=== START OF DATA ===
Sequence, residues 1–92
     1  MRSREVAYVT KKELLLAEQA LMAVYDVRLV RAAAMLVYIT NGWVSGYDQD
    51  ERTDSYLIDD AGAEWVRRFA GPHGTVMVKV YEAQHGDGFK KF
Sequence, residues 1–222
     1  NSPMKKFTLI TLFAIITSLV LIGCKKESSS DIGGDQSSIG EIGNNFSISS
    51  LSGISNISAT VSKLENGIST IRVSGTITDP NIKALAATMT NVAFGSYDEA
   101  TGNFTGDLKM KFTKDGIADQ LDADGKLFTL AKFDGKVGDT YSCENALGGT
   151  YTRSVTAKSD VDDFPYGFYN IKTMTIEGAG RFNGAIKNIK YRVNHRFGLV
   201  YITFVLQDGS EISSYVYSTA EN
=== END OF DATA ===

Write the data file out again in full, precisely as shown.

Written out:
Sequence, residues 1–92
     1  MRSREVAYVT KKELLLAEQA LMAVYDVRLV RAAAMLVYIT NGWVSGYDQD
    51  ERTDSYLIDD AGAEWVRRFA GPHGTVMVKV YEAQHGDGFK KF
Sequence, residues 1–222
     1  NSPMKKFTLI TLFAIITSLV LIGCKKESSS DIGGDQSSIG EIGNNFSISS
    51  LSGISNISAT VSKLENGIST IRVSGTITDP NIKALAATMT NVAFGSYDEA
   101  TGNFTGDLKM KFTKDGIADQ LDADGKLFTL AKFDGKVGDT YSCENALGGT
   151  YTRSVTAKSD VDDFPYGFYN IKTMTIEGAG RFNGAIKNIK YRVNHRFGLV
   201  YITFVLQDGS EISSYVYSTA EN